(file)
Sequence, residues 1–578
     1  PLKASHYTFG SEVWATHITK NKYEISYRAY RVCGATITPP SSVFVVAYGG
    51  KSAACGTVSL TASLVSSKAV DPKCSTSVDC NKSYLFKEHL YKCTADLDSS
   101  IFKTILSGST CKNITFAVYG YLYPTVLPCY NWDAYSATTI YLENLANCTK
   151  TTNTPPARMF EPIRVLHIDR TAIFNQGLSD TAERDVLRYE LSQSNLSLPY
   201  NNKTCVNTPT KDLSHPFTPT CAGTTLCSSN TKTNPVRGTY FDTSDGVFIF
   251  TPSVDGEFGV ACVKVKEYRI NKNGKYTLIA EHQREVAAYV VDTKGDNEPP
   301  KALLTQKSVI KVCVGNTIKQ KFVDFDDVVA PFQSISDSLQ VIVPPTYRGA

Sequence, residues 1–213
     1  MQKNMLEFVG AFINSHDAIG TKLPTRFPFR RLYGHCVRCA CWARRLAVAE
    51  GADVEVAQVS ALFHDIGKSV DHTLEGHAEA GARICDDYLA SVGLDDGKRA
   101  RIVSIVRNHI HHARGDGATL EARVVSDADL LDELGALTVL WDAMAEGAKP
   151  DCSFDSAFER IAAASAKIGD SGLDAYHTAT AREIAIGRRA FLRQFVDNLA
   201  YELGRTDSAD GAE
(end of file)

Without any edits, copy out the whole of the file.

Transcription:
Sequence, residues 1–578
     1  PLKASHYTFG SEVWATHITK NKYEISYRAY RVCGATITPP SSVFVVAYGG
    51  KSAACGTVSL TASLVSSKAV DPKCSTSVDC NKSYLFKEHL YKCTADLDSS
   101  IFKTILSGST CKNITFAVYG YLYPTVLPCY NWDAYSATTI YLENLANCTK
   151  TTNTPPARMF EPIRVLHIDR TAIFNQGLSD TAERDVLRYE LSQSNLSLPY
   201  NNKTCVNTPT KDLSHPFTPT CAGTTLCSSN TKTNPVRGTY FDTSDGVFIF
   251  TPSVDGEFGV ACVKVKEYRI NKNGKYTLIA EHQREVAAYV VDTKGDNEPP
   301  KALLTQKSVI KVCVGNTIKQ KFVDFDDVVA PFQSISDSLQ VIVPPTYRGA

Sequence, residues 1–213
     1  MQKNMLEFVG AFINSHDAIG TKLPTRFPFR RLYGHCVRCA CWARRLAVAE
    51  GADVEVAQVS ALFHDIGKSV DHTLEGHAEA GARICDDYLA SVGLDDGKRA
   101  RIVSIVRNHI HHARGDGATL EARVVSDADL LDELGALTVL WDAMAEGAKP
   151  DCSFDSAFER IAAASAKIGD SGLDAYHTAT AREIAIGRRA FLRQFVDNLA
   201  YELGRTDSAD GAE